Burns Lake 42 in the province for Earth Hour 2012

Local residents managed to reduce their electricity consumption by 2.52 per cent during the Earth Hour 2012.

Local residents managed to reduce their electricity consumption by 2.52 per cent during the Earth Hour 2012.

According to Bob Gammer from BC Hydro, local energy saving efforts during the one hour event put Burns Lake in 42 place in the province, behind the Hazeltons and Richmond.

During 2010, Burns Lake claimed Earth Hour’s top spot in the province, with a seven per cent drop in consumption.

The top community this year was Revelstoke, with 12.15 per cent savings, followed by Pemberton at 6.8 per cent.

Stephanie Beerling, village director of corporate services said lights in the municipal office were turned off in recognition of Earth Hour.

According to Beerling, the street lights are not able to be shut off during Earth Hour because they are on a hard wired system controlled by photocells that don’t have manual switches.

British Columbians in the 91 participating communities across the province saved 121 megawatt hours of electricity and reduced the provincial electricity load by 1.67 per cent.

Gammer said this years provincial energy savings was about the same as the 1.8 percent drop in energy consumption during Earth Hour 2011.

“It is the equivalent of turning off about nine million 12.5 watt LED light bulbs. The event shows that British Columbians can make a difference in energy conservation through simple efforts,” he said.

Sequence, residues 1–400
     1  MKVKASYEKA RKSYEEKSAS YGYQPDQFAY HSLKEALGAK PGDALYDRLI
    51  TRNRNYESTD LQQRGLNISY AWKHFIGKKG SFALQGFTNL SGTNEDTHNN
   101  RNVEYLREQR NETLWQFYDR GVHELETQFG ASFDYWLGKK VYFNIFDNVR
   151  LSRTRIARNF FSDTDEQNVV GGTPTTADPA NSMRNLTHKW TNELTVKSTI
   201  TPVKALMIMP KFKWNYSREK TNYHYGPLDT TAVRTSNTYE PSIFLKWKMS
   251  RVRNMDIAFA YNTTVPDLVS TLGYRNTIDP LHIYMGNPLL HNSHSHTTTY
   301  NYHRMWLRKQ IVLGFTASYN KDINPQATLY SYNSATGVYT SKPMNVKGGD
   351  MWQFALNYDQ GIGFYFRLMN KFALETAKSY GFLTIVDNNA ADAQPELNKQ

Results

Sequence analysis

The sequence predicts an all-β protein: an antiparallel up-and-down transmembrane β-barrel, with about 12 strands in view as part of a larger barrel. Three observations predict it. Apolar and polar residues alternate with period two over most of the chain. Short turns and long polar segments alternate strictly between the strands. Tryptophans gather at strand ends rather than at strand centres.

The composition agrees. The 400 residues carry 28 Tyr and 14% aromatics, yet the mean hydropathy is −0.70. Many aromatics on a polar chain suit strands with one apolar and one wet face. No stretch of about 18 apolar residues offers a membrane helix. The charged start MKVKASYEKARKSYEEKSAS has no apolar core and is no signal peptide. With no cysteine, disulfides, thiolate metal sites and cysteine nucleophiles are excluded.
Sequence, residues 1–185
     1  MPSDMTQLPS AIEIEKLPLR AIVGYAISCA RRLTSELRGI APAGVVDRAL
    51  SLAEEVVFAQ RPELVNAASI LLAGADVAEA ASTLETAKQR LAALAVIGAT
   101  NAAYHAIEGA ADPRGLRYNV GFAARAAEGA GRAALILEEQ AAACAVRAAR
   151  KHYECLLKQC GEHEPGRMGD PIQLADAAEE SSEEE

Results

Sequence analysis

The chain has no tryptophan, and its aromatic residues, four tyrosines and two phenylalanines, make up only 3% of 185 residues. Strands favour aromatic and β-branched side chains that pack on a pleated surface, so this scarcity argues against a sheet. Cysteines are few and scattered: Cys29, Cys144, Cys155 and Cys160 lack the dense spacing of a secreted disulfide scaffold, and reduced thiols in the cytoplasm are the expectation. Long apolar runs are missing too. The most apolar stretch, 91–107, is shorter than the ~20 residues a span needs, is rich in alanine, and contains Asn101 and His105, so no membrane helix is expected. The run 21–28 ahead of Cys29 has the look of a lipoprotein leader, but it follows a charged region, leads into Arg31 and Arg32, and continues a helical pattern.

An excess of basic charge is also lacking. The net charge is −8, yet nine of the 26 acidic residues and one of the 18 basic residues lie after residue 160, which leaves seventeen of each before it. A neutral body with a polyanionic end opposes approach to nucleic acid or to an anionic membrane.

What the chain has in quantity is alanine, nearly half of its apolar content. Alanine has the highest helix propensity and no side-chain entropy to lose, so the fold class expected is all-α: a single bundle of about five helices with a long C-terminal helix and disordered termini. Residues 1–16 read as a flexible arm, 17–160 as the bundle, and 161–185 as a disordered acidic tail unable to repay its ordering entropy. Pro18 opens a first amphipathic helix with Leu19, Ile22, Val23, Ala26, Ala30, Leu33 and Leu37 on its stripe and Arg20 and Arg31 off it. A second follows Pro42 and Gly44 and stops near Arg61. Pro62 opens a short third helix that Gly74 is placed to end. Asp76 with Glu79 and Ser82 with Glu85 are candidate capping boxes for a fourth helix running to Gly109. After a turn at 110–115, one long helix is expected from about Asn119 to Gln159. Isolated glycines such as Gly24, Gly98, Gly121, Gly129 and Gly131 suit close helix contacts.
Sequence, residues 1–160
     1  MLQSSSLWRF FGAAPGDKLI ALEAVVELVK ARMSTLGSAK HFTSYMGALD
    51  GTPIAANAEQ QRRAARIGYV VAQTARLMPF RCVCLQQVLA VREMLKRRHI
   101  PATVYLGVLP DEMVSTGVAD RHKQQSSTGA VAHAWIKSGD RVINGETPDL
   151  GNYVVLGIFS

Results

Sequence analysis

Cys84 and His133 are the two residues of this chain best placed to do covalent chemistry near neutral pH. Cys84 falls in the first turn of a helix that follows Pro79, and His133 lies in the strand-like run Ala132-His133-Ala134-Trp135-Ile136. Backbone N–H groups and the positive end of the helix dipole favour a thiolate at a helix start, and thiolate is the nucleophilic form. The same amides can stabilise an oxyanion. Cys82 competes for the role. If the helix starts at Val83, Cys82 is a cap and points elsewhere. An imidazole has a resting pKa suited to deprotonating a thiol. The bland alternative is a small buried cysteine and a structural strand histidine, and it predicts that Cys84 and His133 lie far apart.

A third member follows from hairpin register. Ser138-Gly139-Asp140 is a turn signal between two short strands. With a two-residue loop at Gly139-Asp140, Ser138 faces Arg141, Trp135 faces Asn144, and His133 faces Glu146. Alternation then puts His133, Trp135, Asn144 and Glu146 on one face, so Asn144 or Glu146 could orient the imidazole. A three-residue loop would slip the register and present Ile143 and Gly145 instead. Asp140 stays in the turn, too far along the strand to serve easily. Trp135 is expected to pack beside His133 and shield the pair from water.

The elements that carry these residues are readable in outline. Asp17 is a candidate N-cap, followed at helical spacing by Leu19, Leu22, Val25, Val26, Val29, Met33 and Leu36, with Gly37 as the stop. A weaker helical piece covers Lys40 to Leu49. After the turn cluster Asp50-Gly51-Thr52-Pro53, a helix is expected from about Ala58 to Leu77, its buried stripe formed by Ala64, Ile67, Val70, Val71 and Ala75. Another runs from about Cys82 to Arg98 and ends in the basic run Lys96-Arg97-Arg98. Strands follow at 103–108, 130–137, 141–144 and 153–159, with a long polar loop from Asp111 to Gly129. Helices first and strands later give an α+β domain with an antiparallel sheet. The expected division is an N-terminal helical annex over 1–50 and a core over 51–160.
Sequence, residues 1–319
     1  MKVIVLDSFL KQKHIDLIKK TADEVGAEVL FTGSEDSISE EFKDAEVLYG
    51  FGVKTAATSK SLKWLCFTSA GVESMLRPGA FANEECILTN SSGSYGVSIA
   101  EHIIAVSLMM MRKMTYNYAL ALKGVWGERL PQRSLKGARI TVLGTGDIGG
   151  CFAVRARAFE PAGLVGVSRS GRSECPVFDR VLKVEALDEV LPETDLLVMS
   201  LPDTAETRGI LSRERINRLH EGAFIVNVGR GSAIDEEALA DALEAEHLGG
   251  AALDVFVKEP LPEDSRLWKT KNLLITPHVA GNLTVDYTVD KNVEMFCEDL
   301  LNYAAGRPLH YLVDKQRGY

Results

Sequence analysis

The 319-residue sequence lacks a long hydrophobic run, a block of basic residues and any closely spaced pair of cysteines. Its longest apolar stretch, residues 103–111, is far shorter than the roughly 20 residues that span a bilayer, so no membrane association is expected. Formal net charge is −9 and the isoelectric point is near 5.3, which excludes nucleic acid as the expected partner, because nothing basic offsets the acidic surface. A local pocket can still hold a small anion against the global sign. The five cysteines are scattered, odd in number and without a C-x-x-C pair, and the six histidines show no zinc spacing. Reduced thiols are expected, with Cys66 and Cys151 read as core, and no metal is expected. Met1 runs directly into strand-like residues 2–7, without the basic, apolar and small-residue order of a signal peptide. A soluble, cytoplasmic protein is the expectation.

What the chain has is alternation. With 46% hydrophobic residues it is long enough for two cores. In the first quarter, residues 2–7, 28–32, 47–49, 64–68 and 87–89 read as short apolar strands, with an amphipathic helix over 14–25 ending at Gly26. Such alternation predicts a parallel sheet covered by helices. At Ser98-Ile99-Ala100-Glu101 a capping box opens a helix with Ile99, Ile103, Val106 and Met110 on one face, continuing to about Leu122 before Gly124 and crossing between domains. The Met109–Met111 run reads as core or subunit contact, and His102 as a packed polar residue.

Earth Hour is an annual global event hosted by the World Wildlife Fund and supported provincially by BC Hydro. This year marks the fifth year of BC Hydro’s support of the event.

Earth Hour began in 2007 in Sydney, Australia when approximately 2.2 million homes and businesses turned out their lights for one hour to make a stand against climate change. Since then landmarks such as the Sydney Harbour Bridge in Australia, Toronto’s CN Tower and the Golden Gate Bridge in San Francisco have all stood in darkness to show support for awareness to climate change.

Earth Hour is now a globally recognized  initiative and millions of people across the globe turn out their lights on this day every year.

“The goal is to encourage individuals to turn off unnecessary lights and electronics in an effort to conserve power and in doing so, demonstrate support for climate change reduction efforts,” Gammer said.

According to the World Wildlife Fund, worldwide participation in Earth Hour 2012 broke previous participation records, with 150 countries and territories across 6,494 towns and cities participating in the global event. During 2011, 135 countries participated.